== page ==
While historians have since speculated that Arthur may have had tuberculosis, flu, or even the plague, at the time he was considered another victim of the English Sweat. And descriptions of his illness make that seem likely.

With Arthur deceased, his younger brother Henry now became heir apparent. He would also marry his brother’s wife, taking Catherine of Aragon as his bride after her marriage to Arthur was annulled.

He would later rule as Henry VIII, and become a figure of fascination and controversy. Henry’s complex legacy includes six wives and a dramatic break from the Papacy that would lead to the formation of the Church of England, turning the country Protestant.

The Sweating Sickness had again intervened in Britain’s destiny.

Henry VIII
Henry VIII

There were pandemic levels of Sweating Sickness in the English summers of 1507, 1517, 1527/8 and 1551. During these years, many thousands were killed, and low-level panic was felt throughout society.

People who were able fled the cities to less populated regions; those who could not tried to stay indoors and avoid crowded areas. After what happened to his brother, Henry VIII was terrified of the disease and kept his court moving around the countryside during the summer.

There was much speculation as to the cause and transmission of the illness, but medical science was not advanced enough to provide any answers.

And then, almost as suddenly as it arrived, the illness disappeared again.

After the last major outbreak in 1551, only a small number of cases were recorded. The last known death occurred in 1578.

What was this history altering virus, and where did it go?

A well provisioned 16th century kitchen: haven for rodents
A well provisioned 16th century kitchen: haven for rodents

In the modern era, medical researchers have continued to speculate.

400 years having passed there is no physical evidence available, meaning the net of possible suspects is wide. People have claimed the Sweating Sickness was a type of flu, or scarlet fever, or an enterovirus, similar to SARS and polio.

Some think it was caused by anthrax, some think it was a type of hantavirus, a deadly group of viruses spread by rodents, that remain lethal today.

If it was a hantavirus, this may provide a clue to its mysterious propensity among the wealthy. More affluent households had larger kitchens and larders, which attract rats and mice; some scientists think Sweating Sickness may have been spread via the faeces of these animals.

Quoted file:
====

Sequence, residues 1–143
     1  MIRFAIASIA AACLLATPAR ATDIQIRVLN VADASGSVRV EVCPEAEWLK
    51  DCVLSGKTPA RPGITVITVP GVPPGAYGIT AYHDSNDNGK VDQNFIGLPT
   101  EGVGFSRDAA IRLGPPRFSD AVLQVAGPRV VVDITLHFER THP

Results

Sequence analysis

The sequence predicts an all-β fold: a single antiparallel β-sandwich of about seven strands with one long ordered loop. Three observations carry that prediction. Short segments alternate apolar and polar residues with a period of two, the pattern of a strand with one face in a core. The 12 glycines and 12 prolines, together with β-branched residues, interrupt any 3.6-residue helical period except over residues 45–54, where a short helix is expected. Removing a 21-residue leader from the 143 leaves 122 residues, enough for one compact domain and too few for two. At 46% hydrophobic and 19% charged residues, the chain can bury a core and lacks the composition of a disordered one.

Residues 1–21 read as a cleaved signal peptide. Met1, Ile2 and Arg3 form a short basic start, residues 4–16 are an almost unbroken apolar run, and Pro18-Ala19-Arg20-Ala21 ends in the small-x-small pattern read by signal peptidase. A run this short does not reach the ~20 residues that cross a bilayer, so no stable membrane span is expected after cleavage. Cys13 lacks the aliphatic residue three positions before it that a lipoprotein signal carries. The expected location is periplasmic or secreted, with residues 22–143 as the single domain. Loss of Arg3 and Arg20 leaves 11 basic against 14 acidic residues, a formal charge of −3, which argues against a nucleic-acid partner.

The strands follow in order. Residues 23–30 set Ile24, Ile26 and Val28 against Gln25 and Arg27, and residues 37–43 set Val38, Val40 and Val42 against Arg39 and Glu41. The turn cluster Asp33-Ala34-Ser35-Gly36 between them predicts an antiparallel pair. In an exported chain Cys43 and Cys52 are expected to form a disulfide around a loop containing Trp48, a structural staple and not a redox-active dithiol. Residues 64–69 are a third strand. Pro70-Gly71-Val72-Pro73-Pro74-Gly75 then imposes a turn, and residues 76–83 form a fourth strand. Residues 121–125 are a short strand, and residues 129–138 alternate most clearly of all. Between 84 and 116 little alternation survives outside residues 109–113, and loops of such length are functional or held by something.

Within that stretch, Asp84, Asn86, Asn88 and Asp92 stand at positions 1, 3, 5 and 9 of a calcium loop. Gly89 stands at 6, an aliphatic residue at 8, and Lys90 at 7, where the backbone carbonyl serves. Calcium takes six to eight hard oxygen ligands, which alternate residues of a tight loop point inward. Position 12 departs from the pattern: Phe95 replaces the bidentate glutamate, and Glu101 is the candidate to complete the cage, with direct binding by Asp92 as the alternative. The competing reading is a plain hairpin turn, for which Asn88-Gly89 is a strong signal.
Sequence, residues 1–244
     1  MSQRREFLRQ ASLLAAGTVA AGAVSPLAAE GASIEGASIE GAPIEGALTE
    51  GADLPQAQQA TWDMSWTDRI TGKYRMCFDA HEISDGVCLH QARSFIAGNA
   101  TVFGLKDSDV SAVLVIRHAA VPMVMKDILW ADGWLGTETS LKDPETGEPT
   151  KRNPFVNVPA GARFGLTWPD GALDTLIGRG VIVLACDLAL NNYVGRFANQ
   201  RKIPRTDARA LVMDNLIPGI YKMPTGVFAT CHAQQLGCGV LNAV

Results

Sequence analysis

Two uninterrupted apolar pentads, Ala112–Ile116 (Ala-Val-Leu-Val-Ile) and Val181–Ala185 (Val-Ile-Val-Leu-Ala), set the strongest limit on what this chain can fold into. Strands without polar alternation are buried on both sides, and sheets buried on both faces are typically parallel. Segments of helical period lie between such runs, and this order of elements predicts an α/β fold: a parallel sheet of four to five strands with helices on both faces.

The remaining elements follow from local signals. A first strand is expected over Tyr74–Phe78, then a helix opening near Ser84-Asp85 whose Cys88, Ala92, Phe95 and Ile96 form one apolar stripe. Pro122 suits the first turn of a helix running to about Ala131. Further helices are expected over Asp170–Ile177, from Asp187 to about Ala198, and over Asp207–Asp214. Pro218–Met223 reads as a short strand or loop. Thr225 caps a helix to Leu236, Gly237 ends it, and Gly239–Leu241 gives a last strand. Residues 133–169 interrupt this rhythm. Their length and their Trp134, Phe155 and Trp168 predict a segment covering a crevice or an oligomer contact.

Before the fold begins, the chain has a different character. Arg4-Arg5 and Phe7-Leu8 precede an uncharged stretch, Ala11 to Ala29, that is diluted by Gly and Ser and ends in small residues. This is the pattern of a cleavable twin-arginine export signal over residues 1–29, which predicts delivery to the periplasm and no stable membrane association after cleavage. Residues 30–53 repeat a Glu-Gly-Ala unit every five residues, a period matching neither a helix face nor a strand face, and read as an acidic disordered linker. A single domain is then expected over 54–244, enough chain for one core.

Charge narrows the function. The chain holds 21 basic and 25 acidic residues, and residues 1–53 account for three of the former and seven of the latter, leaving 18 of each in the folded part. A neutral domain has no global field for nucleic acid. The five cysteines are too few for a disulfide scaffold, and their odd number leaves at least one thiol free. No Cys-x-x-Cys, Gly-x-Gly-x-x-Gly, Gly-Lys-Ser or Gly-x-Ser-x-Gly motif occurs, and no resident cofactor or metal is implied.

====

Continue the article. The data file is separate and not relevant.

It did not appear to be spread by direct transmission, person-to-person.

A frozen Thames during 'The Little Ice Age'
A frozen Thames during ‘The Little Ice Age’

Sweating Sickness’ sudden disappearance is also puzzling.

Reports noted it was more common in the summer, meaning it may have required certain climatic conditions to activate. In the 16th century, Europe was going through an extended period of cooling known as ‘The Little Ice Age’, where average temperatures declined over an extended period.

It is possible that temperatures may have dropped to the point where the virus was eradicated.

Another possibility is that it may have mutated into a form that was either less contagious, or less deadly, receding into the background of everyday afflictions that people learn to live with. It could also have mutated the other way, becoming more deadly to its host animals who would then die before passing it on to humans.

We will likely never know for sure.

The 'Four Corners' region
The ‘Four Corners’ region

In 1993, there was an outbreak of an unexplained illness in the southwestern United States, in an area shared by Arizona, New Mexico, Colorado and Utah known as ‘The Four Corners’.

The virus affected the native Navajo population of the region, causing pulmonary distress that was often fatal. This illness shared many similarities with Sweating Sickness, including rapid onset, uncontrollable sweating, and fatigue.

Doctors were unable to develop a cure, patients simply had to rest and wait it out.

The new illness was named Hantavirus Pulmonary Syndrome (HPS). Investigators would eventually trace the source to the ‘Sin Nombre’ virus, which was carried by the area’s mice, and spread to humans via their dried out faeces.